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Franklin Building still in the red; new tenants could change situation

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It has been a revolving door of businesses moving in and out of the Franklin Building since a $10 million restoration was completed almost three years ago.

But a new batch of tenants is giving business leaders some hope for the Public Square landmark.

Gone are Covered in Chocolate! desserts, the Whispering Angels gift shop, a locksmith and a pilates business. And America’s Own secondhand shop also is closing.

But they are being replaced by Blue Cat Cycles, RE/MAX Empire Realty, the Northern New York Autism Foundation and Self-Direct Inc., a home health care and equipment agency that provides help with traumatic brain injuries.

“Things are looking up,” said Donald W. Rutherford, CEO of the Watertown Local Development Corp.

The WLDC, also known as the Watertown Trust, manages the commercial space of the former YWCA building. Neighbors of Watertown, which restored the building, is responsible for overseeing the 16 upper-floor apartment units. All 16 units are rented.

Earlier this year, the Watertown Trust hired Pyramid Brokerage Co. to market the building because the WLDC was struggling to find commercial tenants. The broker receives 6 percent of the amount from the lease’s first year. To help offset that, the Watertown Trust decided to increase its lease amount from about $4 per square foot to $10 per square foot.

The North Country Arts Council is housed in a Public Square storefront and a piano teacher leases a small office in some interior space. The Arts Council also leases some interior space for a planned theater in what was the pool area of the YWCA. About 1,500 square feet of “inner” space, which could be divided into three offices, remains vacant.

With businesses moving in and out, the building remains slightly in the red, with $45,464 in annual lease revenues coming in and utility and other yearly expenses at $47,577, for a $2,133 loss. If the building were fully leased, revenues would be $86,710 and it would be in the black with about a $39,000 profit, Mr. Rutherford said.

Murat M. O’Hara said he was forced to move out of the Lincoln Building, across Public Square, because of a planned renovation there. He said the Franklin Building was the only suitable downtown space he could find for his bicycle store. He hopes to be completely moved in by Nov. 1.

On the Franklin Street side, the new space is smaller than the location he had occupied for the past 11 years, but he will make it work, Mr. O’Hara said. He plans to make customers aware of the new location through social media and fliers.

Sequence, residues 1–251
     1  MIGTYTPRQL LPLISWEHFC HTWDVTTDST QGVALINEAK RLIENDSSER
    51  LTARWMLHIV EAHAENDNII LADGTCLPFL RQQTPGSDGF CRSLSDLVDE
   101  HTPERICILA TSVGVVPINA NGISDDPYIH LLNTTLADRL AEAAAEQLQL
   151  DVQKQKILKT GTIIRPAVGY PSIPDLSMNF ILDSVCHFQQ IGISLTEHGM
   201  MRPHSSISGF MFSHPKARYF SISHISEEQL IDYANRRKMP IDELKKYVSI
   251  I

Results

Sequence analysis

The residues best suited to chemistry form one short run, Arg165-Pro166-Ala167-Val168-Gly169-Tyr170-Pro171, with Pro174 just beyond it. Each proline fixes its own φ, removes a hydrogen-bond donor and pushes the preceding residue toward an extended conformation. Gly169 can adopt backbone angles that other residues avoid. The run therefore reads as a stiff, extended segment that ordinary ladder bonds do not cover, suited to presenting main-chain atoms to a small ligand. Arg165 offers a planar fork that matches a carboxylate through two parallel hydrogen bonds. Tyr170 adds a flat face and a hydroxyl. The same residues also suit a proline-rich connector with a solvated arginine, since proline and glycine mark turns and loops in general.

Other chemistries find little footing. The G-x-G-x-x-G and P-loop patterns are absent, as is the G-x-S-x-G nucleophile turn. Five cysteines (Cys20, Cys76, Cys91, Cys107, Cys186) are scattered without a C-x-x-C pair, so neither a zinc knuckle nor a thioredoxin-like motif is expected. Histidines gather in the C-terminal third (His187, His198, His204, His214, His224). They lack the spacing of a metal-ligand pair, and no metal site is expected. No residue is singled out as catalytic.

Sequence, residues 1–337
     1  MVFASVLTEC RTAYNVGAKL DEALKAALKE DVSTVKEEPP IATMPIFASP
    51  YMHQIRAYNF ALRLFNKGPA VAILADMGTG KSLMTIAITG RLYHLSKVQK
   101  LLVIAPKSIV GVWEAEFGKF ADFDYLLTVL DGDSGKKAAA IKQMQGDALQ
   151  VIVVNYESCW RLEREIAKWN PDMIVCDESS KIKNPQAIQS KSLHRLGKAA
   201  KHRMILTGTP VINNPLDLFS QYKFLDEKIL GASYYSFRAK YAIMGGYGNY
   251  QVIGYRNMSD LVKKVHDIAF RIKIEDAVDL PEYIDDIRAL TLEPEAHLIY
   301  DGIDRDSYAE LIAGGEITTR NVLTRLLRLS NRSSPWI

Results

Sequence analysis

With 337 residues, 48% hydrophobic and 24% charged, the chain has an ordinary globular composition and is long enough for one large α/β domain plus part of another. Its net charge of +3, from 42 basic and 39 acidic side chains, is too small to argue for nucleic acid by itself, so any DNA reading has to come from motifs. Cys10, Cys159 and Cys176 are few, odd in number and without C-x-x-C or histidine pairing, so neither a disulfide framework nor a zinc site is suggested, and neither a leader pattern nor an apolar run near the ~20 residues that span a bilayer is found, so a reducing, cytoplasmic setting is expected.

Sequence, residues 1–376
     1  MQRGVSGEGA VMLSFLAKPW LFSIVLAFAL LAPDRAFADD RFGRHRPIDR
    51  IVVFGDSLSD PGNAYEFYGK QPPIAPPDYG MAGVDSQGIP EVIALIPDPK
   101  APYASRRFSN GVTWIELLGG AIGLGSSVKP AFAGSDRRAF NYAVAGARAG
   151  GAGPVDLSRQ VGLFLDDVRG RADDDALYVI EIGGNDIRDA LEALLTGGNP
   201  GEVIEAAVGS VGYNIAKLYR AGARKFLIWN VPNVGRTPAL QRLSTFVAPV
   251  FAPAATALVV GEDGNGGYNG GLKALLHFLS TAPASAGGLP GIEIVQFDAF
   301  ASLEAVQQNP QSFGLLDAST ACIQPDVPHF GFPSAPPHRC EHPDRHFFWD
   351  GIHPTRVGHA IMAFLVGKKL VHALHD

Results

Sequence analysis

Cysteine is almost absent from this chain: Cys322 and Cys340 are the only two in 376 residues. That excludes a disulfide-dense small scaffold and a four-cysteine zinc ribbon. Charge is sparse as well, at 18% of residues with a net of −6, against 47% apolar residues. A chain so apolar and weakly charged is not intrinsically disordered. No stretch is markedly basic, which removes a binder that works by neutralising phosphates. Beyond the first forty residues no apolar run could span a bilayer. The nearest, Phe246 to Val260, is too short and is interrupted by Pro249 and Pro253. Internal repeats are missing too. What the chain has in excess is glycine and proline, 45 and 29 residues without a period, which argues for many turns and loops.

“We’re not going to have the visibility that we do now,” he said.

Katherine E. Robertson, the Autism Foundation’s director, said she previously visited the Franklin Building and fell in love with it before the organization decided to move there. The foundation moved in Aug. 1 after relocating from the group’s former site, which closed a couple of years ago.

Ms. Robertson and colleague Jamie R. Todhunter run the office in an 800-square-foot Franklin Street storefront.

Mr. Rutherford said he was happy to get the real estate office to move into a Public Square storefront because Stephanie Converse, an associate broker with RE/MAX Empire Realty, is respected in the community.

Self-Direct, with offices in Baldwinsville and Utica, is moving into the Watertown market, he said.

But it’s not all good news. The Arts Council has not proceeded with plans to open an art house theater after proposing it two years ago.

Last week, the Watertown Trust board agreed that the space should be marketed because it’s costing the WLDC money to have it sit idle. If a tenant were found, the Arts Council would be given “a first right of refusal” for that space before another party could claim it, board members said.

In recent months, Mr. Rutherford said he has communicated with Arts Council President Michael C. Miller — mostly through emails because Mr. Miller has been out of town on business — about the theater prospects and has been told the organization still wants to move ahead with the project. The Arts Council still needs to obtain some funding, Mr. Rutherford was told. Mr. Miller could not be reached for comment.

For the past two years, the WLDC has given the Arts Council a discount rate on its lease, charging just $1.95 a square foot. Without the discounted rate, the building would not be losing money, Mr. Rutherford said.

Mayor Jeffrey E. Graham, the Watertown Trust board chairman, remains optimistic about the economics of the commercial space.

“We have the responsibility to run it like a business,” he said, adding that the building “is fairly close” to breaking even.

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